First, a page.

Home Articles Reader Opinion Editorial Book Reviews Discussion Writers Guide About TCRecord
transparent 13
Topics
Discussion
Announcements
 

Passing the Torch: Does Higher Education for the Disadvantaged Pay Off Across the Generations?


reviewed by James E. Rosenbaum - December 05, 2008

coverTitle: Passing the Torch: Does Higher Education for the Disadvantaged Pay Off Across the Generations?
Author(s): Paul Attewell and David Lavin
Publisher: Russell Sage Foundation, New York
ISBN: 0871540371, Pages: 268, Year: 2007
Search for book at Amazon.com


I have long admired David Lavin's enduring commitment to understanding the 1970s reforms of City University of New York (CUNY). Defending Colleges Instead of Improving Them: Review of Passing the Torch, written by David Lavin and Paul Attewell, presents the latest follow-up of this cohort, examining new outcomes. While presenting provocative and useful findings, the book is disappointing in failing to acknowledge the complexity of the topic. In an attempt to identify opposition to their point of view, prior findings from other researchers are misrepresented and distorted.


The CUNY reforms were the first large-scale efforts to expand college access and were very impressive at the time. Responding to protests, CUNY’s four-year colleges expanded enrollment to include the top 50% of high school graduates, while lower-achieving students could enroll in the system’s two-year colleges. This reform paved the way for many others, and, as Lavin and Attewell note, this led to broader access to public higher education across the country.


Lavin has admirably followed his research sample for 30 years, and the research presents some startling findings.  (Lavin, however, failed to follow up on 29% of the sample; this is understandable but underexamined in the book.) The authors find that 29% of women completed their degrees 10 or more years after they first entered college, and 10% completed degrees 20 or more years after entry. Clearly, other datasets have missed these long-term outcomes, and these are valuable findings. In addition, this book finds that college improves a wide range of outcomes: women's chances of marriage, marital stability, parenting, and children's education.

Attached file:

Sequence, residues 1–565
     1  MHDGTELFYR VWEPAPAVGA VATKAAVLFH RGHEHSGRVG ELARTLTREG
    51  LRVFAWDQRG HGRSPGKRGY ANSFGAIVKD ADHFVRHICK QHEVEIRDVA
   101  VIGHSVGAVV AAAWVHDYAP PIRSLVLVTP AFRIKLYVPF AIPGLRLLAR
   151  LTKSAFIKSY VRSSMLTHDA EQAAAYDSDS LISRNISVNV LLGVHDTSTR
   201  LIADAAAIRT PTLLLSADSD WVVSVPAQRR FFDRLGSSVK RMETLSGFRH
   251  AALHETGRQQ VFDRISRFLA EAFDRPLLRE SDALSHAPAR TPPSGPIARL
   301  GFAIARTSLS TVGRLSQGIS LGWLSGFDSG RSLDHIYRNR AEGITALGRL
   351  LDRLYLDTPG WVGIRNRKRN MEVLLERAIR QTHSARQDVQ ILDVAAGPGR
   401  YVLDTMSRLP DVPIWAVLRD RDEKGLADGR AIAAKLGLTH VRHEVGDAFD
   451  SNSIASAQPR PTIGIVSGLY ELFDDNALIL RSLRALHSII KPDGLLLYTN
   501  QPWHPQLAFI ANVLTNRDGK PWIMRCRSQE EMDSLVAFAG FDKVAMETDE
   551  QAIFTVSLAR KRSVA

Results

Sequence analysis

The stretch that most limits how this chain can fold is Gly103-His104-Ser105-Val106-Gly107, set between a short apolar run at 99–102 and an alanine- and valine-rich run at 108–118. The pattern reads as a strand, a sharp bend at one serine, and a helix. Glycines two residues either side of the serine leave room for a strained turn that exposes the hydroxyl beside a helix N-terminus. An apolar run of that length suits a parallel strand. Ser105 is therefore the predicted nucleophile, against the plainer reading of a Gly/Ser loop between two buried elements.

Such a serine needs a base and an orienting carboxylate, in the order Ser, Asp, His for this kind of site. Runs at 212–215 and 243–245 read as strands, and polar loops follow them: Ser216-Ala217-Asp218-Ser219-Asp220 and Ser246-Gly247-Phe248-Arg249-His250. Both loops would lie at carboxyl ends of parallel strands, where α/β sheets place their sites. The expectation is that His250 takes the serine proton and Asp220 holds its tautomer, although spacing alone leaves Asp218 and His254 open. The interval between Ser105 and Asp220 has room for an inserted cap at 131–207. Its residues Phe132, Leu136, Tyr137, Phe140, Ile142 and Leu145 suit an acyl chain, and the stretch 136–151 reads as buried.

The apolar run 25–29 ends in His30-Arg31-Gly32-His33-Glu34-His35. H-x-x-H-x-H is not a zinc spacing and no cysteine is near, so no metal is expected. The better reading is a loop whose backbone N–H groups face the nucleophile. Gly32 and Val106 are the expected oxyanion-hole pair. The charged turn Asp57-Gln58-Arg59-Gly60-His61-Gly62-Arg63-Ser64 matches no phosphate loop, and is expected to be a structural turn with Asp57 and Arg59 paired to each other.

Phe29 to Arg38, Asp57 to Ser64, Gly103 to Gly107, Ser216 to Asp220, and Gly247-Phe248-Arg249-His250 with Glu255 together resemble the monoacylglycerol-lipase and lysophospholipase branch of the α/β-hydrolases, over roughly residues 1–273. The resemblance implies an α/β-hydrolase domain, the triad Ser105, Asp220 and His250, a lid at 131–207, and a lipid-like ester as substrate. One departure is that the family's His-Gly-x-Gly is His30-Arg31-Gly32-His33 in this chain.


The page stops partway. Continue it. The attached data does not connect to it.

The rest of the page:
After documenting these important findings, the final two chapters of the book are devoted to arguing against the "critics of expanded college education." After surveying the conservative rhetoric on this topic, their analysis focuses on my own research in this area.


I was surprised to discover that the authors viewed me as an opponent of expanded college education, and even more surprised by the straw-man representation that was presented, of findings that were understood by other readers (Gamoran, 2003). Below, I will summarize a few specifics, and then consider the larger questions.


Chapter 7 is a series of misrepresentations of prior research, along with new analyses that test these misrepresentations. In one critique, Attewell et al. contend that I claim that college plans reduce high school students' motivation (p. 175). This claim is a misrepresentation of my finding that high school students believed open admissions colleges required less high-school effort than selective colleges (Rosenbaum, 2001). Attewell’s argument is based on quotations taken out of context and ignores the complexity of the issue of student motivation.  


In another analysis, I find that the vast majority of low achieving high school seniors planning college degrees fail to attain any degree 10 years later (Rosenbaum, 2001). I conclude that high school counselors should warn students about these probabilities. Attewell et al. interpret this as an assessment of college effectiveness, and they criticize the analysis for including students who do not enroll in college. The authors attribute their goal of college assessment to me, but that wasn’t my goal. My goal was to understand what happens to high school students and what advice they need. High schools should not ignore students who state college plans but aren’t likely to enroll in college; they need to advise them about their various options.